United States District Court, D. Massachusetts
MEMORANDUM AND ORDER ON DEFENDANTS' MOTIONS FOR
Dennis Saylor, IV United States District Judge.
an action for alleged whistleblower retaliation. Plaintiff
Robert Smith was employed as a special police officer in the
town of West Bridgewater for more than thirteen years. He
contends that he was suspended and then removed from his
position in retaliation after he reported to the police chief
that his sergeant was giving special treatment to a town
selectman, who was also a close friend of the sergeant. The
individual defendants and the Town of West Bridgewater
contend that he was not reappointed because of his record of
insubordination, and have filed separate motions for summary
judgment as to all the remaining claims against them.
Smith did not have a property interest in his continued
employment as a special police officer, the individual
defendants' motion for summary judgment will be granted
as to his due-process claim under 42 U.S.C. § 1983. That
is the only federal claim asserted in this matter. The Court
will decline to exercise its discretion to retain
supplemental jurisdiction over the remaining state-law
claims, and therefore will remand the case to Plymouth County
following facts are undisputed unless otherwise indicated.
Smith was appointed as a Special Police Officer
(“SPO”) for the West Bridgewater Police
Department (“WPD”) on October 30, 2002. (Ind.
Defs. SMF Ex. 3). He previously served as a sergeant in the
WPD before retiring in 2002. (Id. Ex. 4 at
46:18-47:15, 60:10-12). Smith's last day of employment
was on May 5, 2016. (Id. Ex. 4 at 34:10-35:9).
Town of West Bridgewater (“Town”) employed Smith
through the WPD. (Ind. Defs. SMF Ex. 3).
Lawrence is a selectman for the Town, who has served
continuously since 2006. (Ind. Defs. SMF Ex. 7 at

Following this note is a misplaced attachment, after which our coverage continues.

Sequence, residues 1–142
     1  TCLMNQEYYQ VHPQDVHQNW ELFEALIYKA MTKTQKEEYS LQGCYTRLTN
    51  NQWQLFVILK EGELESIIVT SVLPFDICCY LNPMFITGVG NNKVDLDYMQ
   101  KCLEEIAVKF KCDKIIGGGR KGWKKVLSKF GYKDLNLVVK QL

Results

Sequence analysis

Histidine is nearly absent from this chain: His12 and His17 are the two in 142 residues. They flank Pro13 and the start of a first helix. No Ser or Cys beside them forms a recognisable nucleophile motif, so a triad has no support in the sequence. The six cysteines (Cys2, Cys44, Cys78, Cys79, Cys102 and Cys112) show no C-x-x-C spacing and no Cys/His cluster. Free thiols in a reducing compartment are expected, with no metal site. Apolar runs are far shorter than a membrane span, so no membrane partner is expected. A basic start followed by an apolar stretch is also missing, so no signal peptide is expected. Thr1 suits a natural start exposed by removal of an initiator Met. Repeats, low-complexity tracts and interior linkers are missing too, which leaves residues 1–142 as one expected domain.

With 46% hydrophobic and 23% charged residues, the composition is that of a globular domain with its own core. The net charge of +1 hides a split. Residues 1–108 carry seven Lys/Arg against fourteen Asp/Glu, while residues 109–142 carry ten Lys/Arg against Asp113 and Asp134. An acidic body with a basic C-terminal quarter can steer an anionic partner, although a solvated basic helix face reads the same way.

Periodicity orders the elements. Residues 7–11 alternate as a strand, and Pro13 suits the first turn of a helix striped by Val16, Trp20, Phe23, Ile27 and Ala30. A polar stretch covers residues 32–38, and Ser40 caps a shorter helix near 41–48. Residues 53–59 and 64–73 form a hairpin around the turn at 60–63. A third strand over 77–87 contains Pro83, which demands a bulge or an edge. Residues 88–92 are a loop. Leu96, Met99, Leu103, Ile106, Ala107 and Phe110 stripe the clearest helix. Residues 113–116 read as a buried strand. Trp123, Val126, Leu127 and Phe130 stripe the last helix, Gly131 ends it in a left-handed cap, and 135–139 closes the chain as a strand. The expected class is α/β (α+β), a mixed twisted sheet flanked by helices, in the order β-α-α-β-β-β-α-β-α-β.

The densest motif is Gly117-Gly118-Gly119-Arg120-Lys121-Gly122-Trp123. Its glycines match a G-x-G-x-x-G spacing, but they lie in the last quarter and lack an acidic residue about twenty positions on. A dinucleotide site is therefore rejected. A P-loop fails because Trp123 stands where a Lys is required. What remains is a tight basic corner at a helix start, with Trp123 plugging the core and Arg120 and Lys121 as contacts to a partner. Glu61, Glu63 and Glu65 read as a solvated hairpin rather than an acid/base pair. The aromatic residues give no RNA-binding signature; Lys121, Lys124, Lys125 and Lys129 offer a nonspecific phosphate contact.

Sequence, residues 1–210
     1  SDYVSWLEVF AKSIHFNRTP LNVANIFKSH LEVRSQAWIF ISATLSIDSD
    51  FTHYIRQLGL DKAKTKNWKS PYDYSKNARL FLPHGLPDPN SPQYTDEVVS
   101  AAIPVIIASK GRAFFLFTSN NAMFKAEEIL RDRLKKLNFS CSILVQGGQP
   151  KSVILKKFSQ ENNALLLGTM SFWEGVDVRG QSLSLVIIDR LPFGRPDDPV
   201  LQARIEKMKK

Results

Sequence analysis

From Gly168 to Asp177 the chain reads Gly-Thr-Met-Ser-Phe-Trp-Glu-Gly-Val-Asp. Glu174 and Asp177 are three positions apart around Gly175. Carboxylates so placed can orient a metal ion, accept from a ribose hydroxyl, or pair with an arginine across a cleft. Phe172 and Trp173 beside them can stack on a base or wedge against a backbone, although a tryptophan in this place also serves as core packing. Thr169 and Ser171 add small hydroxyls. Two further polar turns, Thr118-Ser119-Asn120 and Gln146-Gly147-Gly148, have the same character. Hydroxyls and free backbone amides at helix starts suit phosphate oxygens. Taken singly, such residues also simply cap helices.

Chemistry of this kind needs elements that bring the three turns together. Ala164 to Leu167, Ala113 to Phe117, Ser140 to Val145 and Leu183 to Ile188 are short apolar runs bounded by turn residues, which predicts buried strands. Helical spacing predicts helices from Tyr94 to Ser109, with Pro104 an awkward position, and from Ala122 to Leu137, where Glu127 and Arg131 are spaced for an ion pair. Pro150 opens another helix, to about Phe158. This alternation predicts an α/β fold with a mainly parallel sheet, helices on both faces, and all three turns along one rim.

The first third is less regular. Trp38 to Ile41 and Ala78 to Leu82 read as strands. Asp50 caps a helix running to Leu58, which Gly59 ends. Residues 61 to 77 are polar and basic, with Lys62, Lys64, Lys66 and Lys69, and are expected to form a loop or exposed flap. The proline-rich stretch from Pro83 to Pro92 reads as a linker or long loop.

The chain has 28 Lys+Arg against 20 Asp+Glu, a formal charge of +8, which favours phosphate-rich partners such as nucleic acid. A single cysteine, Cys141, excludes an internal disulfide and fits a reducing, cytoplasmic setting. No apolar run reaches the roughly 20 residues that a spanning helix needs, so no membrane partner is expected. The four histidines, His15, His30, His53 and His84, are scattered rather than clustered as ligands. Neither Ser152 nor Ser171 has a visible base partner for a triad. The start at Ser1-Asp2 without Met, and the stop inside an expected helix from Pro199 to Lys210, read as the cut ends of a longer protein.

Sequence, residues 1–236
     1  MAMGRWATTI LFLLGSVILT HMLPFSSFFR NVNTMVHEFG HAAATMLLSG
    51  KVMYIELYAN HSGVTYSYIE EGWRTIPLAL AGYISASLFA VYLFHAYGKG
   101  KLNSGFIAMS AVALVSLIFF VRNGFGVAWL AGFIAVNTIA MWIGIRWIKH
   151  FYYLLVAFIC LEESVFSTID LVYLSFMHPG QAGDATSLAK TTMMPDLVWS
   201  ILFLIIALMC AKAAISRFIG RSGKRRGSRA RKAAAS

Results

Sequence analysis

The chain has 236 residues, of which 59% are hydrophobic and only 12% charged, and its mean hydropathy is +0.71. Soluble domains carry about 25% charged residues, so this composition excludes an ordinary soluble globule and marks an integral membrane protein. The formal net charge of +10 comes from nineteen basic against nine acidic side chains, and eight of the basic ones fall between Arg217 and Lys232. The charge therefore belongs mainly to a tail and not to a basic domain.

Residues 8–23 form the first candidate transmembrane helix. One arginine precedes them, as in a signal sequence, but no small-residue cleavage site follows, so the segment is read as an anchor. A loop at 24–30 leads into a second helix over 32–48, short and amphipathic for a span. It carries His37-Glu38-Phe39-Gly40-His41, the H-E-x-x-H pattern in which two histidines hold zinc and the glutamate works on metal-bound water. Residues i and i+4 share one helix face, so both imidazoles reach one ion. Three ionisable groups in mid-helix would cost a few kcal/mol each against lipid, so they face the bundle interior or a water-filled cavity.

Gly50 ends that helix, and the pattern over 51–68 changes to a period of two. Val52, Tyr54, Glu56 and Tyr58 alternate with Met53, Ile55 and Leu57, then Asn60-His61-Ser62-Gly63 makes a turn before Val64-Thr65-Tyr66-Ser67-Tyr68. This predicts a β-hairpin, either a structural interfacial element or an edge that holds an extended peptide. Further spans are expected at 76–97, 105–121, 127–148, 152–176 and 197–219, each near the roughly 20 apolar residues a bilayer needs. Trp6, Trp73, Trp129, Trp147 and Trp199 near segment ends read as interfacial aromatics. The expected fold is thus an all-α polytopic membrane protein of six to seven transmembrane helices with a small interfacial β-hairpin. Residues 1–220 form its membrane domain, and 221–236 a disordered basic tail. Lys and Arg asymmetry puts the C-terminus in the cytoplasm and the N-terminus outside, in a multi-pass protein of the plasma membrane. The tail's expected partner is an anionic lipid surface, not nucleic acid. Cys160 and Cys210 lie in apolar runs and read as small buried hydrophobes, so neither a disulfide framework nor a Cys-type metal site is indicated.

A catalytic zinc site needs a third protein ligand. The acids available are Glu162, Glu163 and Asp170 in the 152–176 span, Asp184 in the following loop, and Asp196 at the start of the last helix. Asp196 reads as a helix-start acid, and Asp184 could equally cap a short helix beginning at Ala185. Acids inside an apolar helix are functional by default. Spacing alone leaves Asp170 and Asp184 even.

Clark is a former WPD police officer. (Ind. Defs. SMF Ex. 20
at 10:7-9). He began his employment in 1986, and was made
Chief of Police in 2004. (Id. Ex. 20 at 10:7-9,
15:20-24). He retired in July 2016. (Id. Ex. 20 at
R. Flaherty, Jr. is the current WPD Chief of Police,
appointed on March 9, 2016. (Ind. Defs. SMF Ex. 5 at 5:3-7).
Werner is a sergeant with the WPD. (Ind. Defs. SMF Ex. 13 at
9:13-15). He joined the WPD in 1996 and was promoted to
sergeant in August 2005. (Id. Ex. 13 at 6:3-8,
Officer Monteiro Encounters Lawrence
retired from the WPD force in 2002, and soon after was
appointed to the position of SPO with WPD. (Ind. Defs. SMF
Ex. 3, Ex. 4 at 60:10-12). According to Smith, on April 12,
2015, WPD Officer Matthew Monteiro asked to speak with him at
the WPD station. (Ind. Defs. SMF Ex. 4 at 203:23-204:14).
Monteiro told him that he recently pulled over Lawrence for
several driving violations, including an expired inspection
sticker, driving without his license in his possession, and
attaching license plates to an incorrect vehicle.
(Id. Ex. 4 at 204:22-205:14; see Id. Ex. 11
at 9:1-10:21, 16:16-17:1, 32:23-33:4). Smith testified that
Monteiro was upset because Werner had told him to release
Lawrence with no further police action and not to enter the
stop in the logbook. (Ind. Defs. SMF Ex. 4 at 205:4-206:15).
testified that he recognized Lawrence's name when he
stopped him and knew that he was a selectman. (Ind. Defs. SMF
Ex. 11 at 11:16-12:3, 14:10-22). As a relatively new officer
who had served just 14 months, he called Werner, his
superior, to ask advice on how to proceed. (Id. Ex.
11 at 11:15-12:19). After the call, Monteiro released Lawrence
with a verbal warning and did not enter the incident into the
official police log. (Id. Ex. 11 at
19:12-18). He could not remember whether he had
yelled at Lawrence during the stop. (Id. Ex. 11 at
19:24-20:15, 41:17-42:19). At some point, Monteiro learned
that another officer had noticed a problem with
Lawrence's plates approximately two weeks before Monteiro
stopped him, but he could not remember when he learned that.
(Id. Ex. 11 at 35:1-36:4; see Id. Ex. 13 at
46:4-48:11; id. Ex. 7 at 31:5-12).
testified that he did not specifically tell Monteiro how to
proceed during the motor-vehicle stop, but only informed him